04 Apr NYU JILP Symposium: How Much Weight Should Courts give to Defendants’ Rights in Determining Remedies for Prosecutorial Violations?
[Margaret deGuzman is an Associate Professor of Law Temple University Beasley School of Law.]
This post is part of the NYU Journal of International Law and Politics Vol. 45, No. 1 symposium. Other posts in this series can be found in the related posts below.
Thanks to Opinio Juris for inviting me to comment on Jenia Turner’s article and to Professor Turner for her excellent and thought-provoking work.
Professor Turner’s article tackles an important problem that has plagued the ICC in its early days. When the ICC Trial Chamber ordered the release of the the Court’s first defendant due to the prosecutor’s procedural violations, it sent shock waves through the international community. Was the ICC’s first case to be derailed by prosecutorial misconduct? Reactions were mixed. Some commentators felt the Trial Chamber was overreacting. Professor Bill Schabas invited the defendant to dinner.
Professor Schabas’ dinner did not come to pass, however, because the Appeals Chamber rejected what Professor Turner terms the Trial Chamber’s “absolutist” approach to remedying the prosecutor’s errors. The case proceeded, resulting in a conviction and a fourteen-year sentence.
Professor Turner’s article endorses the Appeals Chamber’s more moderate approach to identifying the appropriate remedy for prosecutorial errors and misconduct. Indeed, she urges international courts to go further and develop a balancing test that explicitly pits the interests of victims and the international community in prosecuting international crimes against the values of deterring misconduct and promoting fair trials. The article makes an important contribution to the growing literature on remedies at international criminal courts. Professor Turner provides both a detailed analysis of existing jurisprudence and a compelling normative argument, complete with proposed factors for courts to consider in performing the requisite balancing. The article will thus be extremely useful to scholars and judges alike.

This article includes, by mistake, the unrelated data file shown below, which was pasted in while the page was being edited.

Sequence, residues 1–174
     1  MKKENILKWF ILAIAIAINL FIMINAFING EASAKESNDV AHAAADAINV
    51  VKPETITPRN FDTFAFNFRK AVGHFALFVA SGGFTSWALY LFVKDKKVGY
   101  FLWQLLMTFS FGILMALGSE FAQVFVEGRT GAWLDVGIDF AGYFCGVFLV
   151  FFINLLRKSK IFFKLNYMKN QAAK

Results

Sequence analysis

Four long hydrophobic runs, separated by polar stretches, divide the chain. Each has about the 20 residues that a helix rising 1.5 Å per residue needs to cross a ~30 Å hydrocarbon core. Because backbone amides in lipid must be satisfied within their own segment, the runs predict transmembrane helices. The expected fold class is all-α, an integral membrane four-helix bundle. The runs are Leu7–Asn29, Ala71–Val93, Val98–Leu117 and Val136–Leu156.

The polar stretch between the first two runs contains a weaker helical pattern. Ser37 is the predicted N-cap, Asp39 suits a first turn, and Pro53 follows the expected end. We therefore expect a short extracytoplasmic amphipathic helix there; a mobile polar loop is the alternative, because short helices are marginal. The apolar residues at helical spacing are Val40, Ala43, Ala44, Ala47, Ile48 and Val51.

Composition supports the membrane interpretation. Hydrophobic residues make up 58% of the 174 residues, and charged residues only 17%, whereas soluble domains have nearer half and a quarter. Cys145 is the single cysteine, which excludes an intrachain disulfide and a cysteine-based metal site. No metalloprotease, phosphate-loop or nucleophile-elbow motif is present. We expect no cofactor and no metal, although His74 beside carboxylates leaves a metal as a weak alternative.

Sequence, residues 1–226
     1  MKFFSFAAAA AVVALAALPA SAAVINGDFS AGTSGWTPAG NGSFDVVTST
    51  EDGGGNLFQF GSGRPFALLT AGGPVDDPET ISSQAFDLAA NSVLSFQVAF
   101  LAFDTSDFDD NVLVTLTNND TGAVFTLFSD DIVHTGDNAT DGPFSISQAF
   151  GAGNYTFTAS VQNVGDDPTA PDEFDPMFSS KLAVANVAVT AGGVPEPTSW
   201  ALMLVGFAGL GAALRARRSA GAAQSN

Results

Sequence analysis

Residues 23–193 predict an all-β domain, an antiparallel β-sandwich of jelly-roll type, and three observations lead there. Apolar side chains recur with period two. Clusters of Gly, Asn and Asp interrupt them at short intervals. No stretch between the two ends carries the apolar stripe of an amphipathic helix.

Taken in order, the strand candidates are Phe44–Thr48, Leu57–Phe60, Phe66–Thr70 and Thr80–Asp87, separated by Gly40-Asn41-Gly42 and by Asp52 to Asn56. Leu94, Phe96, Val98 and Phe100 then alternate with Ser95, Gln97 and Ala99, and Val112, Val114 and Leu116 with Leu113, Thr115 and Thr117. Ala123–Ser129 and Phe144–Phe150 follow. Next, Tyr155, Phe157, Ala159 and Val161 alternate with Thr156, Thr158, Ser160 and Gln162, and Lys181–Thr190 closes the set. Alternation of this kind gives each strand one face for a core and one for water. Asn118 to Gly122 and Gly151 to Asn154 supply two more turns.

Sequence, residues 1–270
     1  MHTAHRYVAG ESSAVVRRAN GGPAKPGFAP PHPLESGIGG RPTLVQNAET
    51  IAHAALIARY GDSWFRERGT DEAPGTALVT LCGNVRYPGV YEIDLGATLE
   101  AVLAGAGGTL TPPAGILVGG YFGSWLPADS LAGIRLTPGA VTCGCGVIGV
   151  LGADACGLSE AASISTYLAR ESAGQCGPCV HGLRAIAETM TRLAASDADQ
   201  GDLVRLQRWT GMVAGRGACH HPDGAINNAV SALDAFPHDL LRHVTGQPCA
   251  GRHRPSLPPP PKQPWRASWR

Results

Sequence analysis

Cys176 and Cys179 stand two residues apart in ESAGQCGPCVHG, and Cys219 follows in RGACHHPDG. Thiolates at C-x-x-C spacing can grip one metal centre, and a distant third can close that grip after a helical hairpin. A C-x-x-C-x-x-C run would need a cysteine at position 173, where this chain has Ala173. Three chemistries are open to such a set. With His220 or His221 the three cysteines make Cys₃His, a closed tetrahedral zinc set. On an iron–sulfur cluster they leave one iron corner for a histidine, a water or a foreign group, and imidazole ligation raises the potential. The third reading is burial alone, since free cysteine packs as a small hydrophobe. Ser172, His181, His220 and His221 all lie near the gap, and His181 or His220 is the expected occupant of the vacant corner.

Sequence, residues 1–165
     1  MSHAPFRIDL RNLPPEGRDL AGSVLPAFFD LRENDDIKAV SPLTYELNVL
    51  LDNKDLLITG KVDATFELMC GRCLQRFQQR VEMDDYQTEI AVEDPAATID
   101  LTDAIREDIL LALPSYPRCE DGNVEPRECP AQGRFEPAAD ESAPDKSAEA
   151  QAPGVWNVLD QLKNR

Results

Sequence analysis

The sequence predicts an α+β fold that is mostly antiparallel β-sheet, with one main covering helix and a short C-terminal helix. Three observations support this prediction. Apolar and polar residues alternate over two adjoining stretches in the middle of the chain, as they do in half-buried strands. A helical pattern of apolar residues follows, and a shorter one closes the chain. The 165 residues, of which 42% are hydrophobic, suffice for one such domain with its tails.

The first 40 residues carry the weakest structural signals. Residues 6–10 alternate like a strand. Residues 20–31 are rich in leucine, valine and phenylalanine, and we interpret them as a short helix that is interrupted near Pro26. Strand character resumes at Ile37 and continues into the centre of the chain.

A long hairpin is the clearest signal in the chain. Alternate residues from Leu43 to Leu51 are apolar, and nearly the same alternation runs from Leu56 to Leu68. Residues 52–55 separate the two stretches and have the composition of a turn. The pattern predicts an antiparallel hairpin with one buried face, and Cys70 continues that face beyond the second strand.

I agree with Professor Turner’s endorsement of a balancing approach to prosecutorial errors and misconduct. Much of judging is about balancing competing interests and this area is no exception. That said, I am not sure the Lubanga Trial Chamber wasn’t engaging in such balancing, albeit implicitly and without the level of detail Professor Turner rightly urges on judges. The Trial Chamber notes the interests being sacrificed, both those of the victims and of the international community. However, because it concludes that a fair trial is not possible in light of the prosecutor’s actions, it privileges the defendant’s rights over the competing interests. Professor Turner reads the decision as valuing fairness to the defendant alone without regard for competing values. I am not convinced the decision is quite so “absolutist.” The decision’s analysis of the competing values is not fully satisfying and the balance struck may have been wrong. Nonetheless, I read the decision as engaging in a primitive form of the balancing test Professor Turner endorses and concluding that the defendant’s interests in a fair trial prevailed.